Australia joins project to create artificial life

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The international project, called simply Yeast 2.

佛山桑拿

0, stems from a breakthrough achievement in a laboratory in the US in 2010.

Synthetic biologists at the Craig Venter Institute had artificially constructed a genome – that is, the full genetic material – of a single-cell fungus – the variety of humble yeast that’s used in bakeries and breweries.

Then in March this year, a team led by Professor Jef Boeke of New York University artificially created one of the 16 chromosomes that make up this yeast.

Professor Boeke said it involved replacing natural organisms with synthetic ones rather than generation an artificial blueprint.

“We start with a natural yeast cell, well it is a domesticated yeast cell obviously that grows in our laboratory, but we always start with a living cell. We’re not creating life from inanimate materials,” she said.

As head of the Yeast 2.0 project, Professor Boeke has brought in fellow researchers from China, Britain, Singapore, India and now, Australia.

The aim: to develop all 16 chromosomes of yeast, then put them together to make the world’s first synthetic yeast by 2017.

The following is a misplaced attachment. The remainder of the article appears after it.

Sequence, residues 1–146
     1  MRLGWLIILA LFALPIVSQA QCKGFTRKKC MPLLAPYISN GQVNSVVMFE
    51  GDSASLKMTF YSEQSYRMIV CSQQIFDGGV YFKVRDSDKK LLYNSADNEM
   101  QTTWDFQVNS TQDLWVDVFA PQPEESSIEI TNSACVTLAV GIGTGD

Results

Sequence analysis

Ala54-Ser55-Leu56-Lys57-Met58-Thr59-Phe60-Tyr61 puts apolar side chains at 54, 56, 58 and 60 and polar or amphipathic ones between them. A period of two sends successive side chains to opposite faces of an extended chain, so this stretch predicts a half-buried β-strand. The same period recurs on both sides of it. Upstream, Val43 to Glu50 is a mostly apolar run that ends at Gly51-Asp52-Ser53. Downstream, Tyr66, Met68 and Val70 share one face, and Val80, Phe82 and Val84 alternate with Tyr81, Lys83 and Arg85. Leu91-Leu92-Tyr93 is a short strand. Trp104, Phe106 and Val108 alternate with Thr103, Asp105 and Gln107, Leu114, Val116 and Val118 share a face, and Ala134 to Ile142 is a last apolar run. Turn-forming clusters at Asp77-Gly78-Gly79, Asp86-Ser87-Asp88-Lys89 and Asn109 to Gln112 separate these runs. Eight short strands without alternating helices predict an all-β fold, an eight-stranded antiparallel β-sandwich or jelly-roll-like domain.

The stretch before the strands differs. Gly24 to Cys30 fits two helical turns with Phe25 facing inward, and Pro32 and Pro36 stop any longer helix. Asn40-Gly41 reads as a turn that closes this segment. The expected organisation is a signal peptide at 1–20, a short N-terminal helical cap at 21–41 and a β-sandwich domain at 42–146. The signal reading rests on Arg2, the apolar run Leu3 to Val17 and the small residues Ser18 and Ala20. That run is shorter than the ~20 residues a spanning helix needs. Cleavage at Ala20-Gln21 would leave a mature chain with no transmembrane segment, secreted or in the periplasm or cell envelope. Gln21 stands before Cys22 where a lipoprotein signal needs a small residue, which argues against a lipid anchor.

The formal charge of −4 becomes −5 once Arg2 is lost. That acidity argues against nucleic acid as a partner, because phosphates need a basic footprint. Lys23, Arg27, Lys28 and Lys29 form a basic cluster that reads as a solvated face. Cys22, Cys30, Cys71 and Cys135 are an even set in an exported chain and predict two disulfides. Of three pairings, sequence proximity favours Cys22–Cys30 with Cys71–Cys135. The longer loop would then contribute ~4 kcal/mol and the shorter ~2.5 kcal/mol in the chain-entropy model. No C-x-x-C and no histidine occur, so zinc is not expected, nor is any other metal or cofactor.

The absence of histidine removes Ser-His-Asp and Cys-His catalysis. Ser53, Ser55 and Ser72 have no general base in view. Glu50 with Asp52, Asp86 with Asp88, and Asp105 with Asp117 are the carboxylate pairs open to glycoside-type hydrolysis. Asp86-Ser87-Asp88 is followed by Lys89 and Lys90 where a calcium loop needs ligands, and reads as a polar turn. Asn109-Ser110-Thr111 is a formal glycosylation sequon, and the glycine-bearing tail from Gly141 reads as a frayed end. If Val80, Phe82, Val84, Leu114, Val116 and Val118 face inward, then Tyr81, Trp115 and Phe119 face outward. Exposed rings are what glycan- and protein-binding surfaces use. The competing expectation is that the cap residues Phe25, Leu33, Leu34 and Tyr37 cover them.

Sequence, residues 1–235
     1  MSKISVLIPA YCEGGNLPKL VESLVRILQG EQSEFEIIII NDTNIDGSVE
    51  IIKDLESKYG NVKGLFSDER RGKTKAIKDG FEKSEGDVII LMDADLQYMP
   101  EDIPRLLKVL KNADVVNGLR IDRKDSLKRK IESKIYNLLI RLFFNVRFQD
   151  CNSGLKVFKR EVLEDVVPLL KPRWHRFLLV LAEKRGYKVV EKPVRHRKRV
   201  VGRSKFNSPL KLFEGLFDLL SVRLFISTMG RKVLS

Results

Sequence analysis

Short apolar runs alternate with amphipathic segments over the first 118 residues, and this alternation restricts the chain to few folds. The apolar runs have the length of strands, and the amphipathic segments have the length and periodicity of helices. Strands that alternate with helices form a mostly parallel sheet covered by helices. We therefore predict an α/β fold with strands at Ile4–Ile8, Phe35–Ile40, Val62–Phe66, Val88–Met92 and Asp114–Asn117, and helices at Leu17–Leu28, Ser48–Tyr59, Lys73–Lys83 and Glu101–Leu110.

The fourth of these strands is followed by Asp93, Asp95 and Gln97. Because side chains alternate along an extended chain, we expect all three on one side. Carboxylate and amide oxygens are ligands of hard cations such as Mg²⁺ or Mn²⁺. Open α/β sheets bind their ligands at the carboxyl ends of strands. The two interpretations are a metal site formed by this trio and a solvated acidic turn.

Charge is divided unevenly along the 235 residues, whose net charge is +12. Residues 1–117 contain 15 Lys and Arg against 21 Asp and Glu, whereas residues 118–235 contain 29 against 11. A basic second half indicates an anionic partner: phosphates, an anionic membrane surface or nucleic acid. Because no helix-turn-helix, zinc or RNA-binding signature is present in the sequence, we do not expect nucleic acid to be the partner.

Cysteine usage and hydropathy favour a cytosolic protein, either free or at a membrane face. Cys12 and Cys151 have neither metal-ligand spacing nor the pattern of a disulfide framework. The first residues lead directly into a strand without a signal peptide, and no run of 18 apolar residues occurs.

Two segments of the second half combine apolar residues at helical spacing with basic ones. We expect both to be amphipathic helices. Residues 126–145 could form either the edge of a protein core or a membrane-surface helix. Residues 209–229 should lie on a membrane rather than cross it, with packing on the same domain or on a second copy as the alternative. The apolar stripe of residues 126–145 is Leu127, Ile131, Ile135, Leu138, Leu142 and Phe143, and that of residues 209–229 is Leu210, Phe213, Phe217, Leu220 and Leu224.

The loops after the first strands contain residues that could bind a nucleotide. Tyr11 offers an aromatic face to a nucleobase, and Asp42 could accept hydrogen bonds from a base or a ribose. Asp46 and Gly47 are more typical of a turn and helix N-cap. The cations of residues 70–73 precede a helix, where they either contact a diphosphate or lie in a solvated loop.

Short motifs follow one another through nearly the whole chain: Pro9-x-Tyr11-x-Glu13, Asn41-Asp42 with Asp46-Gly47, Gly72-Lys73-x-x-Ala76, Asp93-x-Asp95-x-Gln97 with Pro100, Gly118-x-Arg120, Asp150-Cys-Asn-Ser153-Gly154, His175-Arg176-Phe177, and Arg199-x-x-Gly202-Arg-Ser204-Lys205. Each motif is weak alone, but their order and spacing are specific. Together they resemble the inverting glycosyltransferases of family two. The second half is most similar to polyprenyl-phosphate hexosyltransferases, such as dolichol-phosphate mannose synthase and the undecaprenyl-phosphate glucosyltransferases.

Backed by $1 million dollars in funding from the NSW Government, Macquarie University has just become the lead institution in the Australian part of the project.

The Adelaide-based Australian Wine Research Institute is a partner with Macquarie University in the Yeast 2.0 project and the Managing Director of the Institute Dr Dan Johnson said yeast is important to the wine-making process.

“If a wine maker is seeking to produce a certain type of wine style and satisfy a certain market segment, making a very deliberate choice around the yeast strain that is added during fermentation can allow them to tailor that wine specifically to that market segment,” Dr Johnson said.

While the Yeast 2.0 project to create artificial life is a long way from trying to create human life, scientists say it should lead to human applications and are already working on ways to potentially use the technology to create antibiotics to kill drug-resistant bacteria.

“It’s very important for us in Australia, if we embark on a journey like this, that we do it hand in hand with the social scientist, with the public, with government so that we have the right policy frameworks around us so that we can apply this very exciting technology for the benefit of society in general,” said Professor Sakkie Pretorius at Macquarie University.

Environmental group, Friends of the Earth believe synthetic biologists are prioritising short-term improvements and profits with scant regard to unanticipated and potentially catastrophic consequences.

“What we’re talking about is the creation of life that has never existed, without any idea of how it will function in natural systems and in the human body. And to release that without being totally assured of its safety is just plain crazy and should never happen,” said Jeremy Tagar.

Concerns about synthetic yeast escaping from the lab have been dismissed by the Yeast 2.0 project leader.

“All of this work is done in a laboratory with a lock on the door and so on. There’s no real reason to think that it would ever get out into the environment,” said Professor Jef Boeke.

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